Vanguard, Charles Schwab and Fidelity will press their advantages in digital advice, but Acorns is driving the sector’s massive expansion, a new study says.
So-called incumbent firms’ share of the robo advice market will jump to 93% by 2021 from 78% last year, according to a report released last week by Boston-based consulting firm Aite Group. At the same time, the number of digital advice clients will soar by nearly 850% to 17 million by 2021, the study says.
More than half of that growth will come from Acorns. The firm launched an app partnership with Clarity Money in July, and some tech executives at large firms have cited microinvesting firms like Acorns as better models for the future than more-heralded robo advisors like Betterment and Wealthfront.
The more traditional firms like Vanguard, Schwab and Fidelity, however, boast their own ETFs and other funds to create robo-portfolios, Aite Group points out. Vanguard’s hybrid platform, Personal Advisor Services, already dominates the market, and experts foresee more consolidation in the future.
“Digital advisor firms have a compelling case to start lessening reliance on Vanguard ETFs and stop subsidizing a competitor’s bottom line, but the alternatives are few,” according to the report’s author, Aite Group senior wealth management analyst Javier Paz. The study includes a warning for startups.
“For robo-startups, it is do-or-die time now that incumbents are in the race. Incumbents face a decision to grow their robo-business complacently or to do so with a greater sense of urgency, and we suspect most will pick the latter approach.”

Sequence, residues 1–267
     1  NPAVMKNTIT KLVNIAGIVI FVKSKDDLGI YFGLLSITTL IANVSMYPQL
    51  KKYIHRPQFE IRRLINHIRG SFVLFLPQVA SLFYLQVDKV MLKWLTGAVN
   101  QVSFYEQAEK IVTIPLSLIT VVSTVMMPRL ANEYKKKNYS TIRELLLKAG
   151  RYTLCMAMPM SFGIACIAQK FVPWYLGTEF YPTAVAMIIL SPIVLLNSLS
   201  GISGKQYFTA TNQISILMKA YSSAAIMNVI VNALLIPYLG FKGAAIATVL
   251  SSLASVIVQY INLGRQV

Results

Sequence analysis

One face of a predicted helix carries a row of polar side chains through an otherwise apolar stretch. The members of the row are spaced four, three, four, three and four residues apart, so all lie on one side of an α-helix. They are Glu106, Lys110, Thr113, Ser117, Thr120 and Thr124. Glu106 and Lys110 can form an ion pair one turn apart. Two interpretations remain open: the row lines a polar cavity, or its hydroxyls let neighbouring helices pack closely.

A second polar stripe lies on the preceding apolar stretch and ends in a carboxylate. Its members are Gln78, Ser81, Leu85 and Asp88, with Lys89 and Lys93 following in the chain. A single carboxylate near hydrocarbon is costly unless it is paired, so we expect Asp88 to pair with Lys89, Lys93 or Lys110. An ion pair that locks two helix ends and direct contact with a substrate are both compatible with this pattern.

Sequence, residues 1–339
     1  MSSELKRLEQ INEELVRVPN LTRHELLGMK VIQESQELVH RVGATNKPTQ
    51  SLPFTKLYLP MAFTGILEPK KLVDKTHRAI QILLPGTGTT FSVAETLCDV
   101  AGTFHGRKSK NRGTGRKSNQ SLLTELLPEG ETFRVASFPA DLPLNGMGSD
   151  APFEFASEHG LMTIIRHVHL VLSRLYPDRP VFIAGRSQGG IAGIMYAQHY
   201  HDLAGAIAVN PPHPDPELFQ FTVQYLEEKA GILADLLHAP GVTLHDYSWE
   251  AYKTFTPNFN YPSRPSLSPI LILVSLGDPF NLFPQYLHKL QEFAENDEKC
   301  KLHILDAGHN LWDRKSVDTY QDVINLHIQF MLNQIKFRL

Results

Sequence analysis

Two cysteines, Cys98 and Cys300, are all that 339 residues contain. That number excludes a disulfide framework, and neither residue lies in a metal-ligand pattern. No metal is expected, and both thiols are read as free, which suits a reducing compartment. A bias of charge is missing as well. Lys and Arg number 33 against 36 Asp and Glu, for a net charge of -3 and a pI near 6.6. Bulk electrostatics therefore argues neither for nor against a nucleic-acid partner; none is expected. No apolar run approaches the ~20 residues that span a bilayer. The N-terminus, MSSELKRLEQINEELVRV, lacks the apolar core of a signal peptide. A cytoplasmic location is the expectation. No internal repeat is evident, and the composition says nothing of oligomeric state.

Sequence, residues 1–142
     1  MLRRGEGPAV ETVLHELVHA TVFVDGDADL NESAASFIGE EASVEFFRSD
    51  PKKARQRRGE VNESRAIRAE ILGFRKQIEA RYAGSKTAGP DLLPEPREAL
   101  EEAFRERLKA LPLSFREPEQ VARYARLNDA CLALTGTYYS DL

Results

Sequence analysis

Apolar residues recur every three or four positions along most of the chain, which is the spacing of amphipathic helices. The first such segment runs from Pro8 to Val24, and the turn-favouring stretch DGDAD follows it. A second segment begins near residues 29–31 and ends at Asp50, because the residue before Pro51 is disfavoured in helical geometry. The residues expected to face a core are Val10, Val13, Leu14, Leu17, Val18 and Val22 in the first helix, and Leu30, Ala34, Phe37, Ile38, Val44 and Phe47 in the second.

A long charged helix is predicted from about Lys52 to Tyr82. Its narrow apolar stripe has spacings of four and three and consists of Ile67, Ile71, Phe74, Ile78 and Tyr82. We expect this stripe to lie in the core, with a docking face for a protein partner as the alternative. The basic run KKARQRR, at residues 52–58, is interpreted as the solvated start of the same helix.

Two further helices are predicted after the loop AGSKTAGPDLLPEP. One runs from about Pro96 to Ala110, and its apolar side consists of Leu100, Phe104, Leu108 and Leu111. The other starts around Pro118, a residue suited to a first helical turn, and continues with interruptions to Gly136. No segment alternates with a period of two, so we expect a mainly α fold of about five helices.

TRADITIONAL FIRMS INVADE STARTUP SPACE
Therefore, the study concludes, selling the business to serve as the digital advice arm of one of the industry giants represents a “very sensible approach” for startups. Their share of digital client assets will shrink to 7% in 2021 from 22% last year, if Paz’s predictions hold true.
Brokerages and other incumbents boast established brands and client bases, along with capacity to absorb lower returns stemming from robo fees. With Acorns’ average account balance amounting to $177 and smaller client assets at all startups, such factors boost incumbents’ prospects, the study says.
Paz projects Vanguard PAS to surge over 500,000 clients and $100 billion in assets under management this year. By the end of next year, the digital platforms of Vanguard, Schwab, Fidelity and Merrill Lynch will manage more than $400 billion, according to Aite Group’s forecast.
ETF SHAKEUP COMING SOON?
Vanguard and Schwab, along with Personal Capital, Scalable and FutureAdvisor investor BlackRock, receive inflows into their mutual funds and ETFs through their digital platforms. Vanguard and BlackRock’s iShares also get fund flows from 16 of 18 digital firms surveyed by Aite Group.
Around a third of the firms also include Schwab ETFs in their portfolio mix. Competitors may soon find ways to cut into Vanguard’s share of the market, but they face a difficult fight, Paz writes.
“The giant vacuum-like sound coming from Vanguard funds as they draw increasing client assets demonstrates this brand’s strong pull and makes it very difficult for advisory firms to break away completely from Vanguard dependency,” according to the report.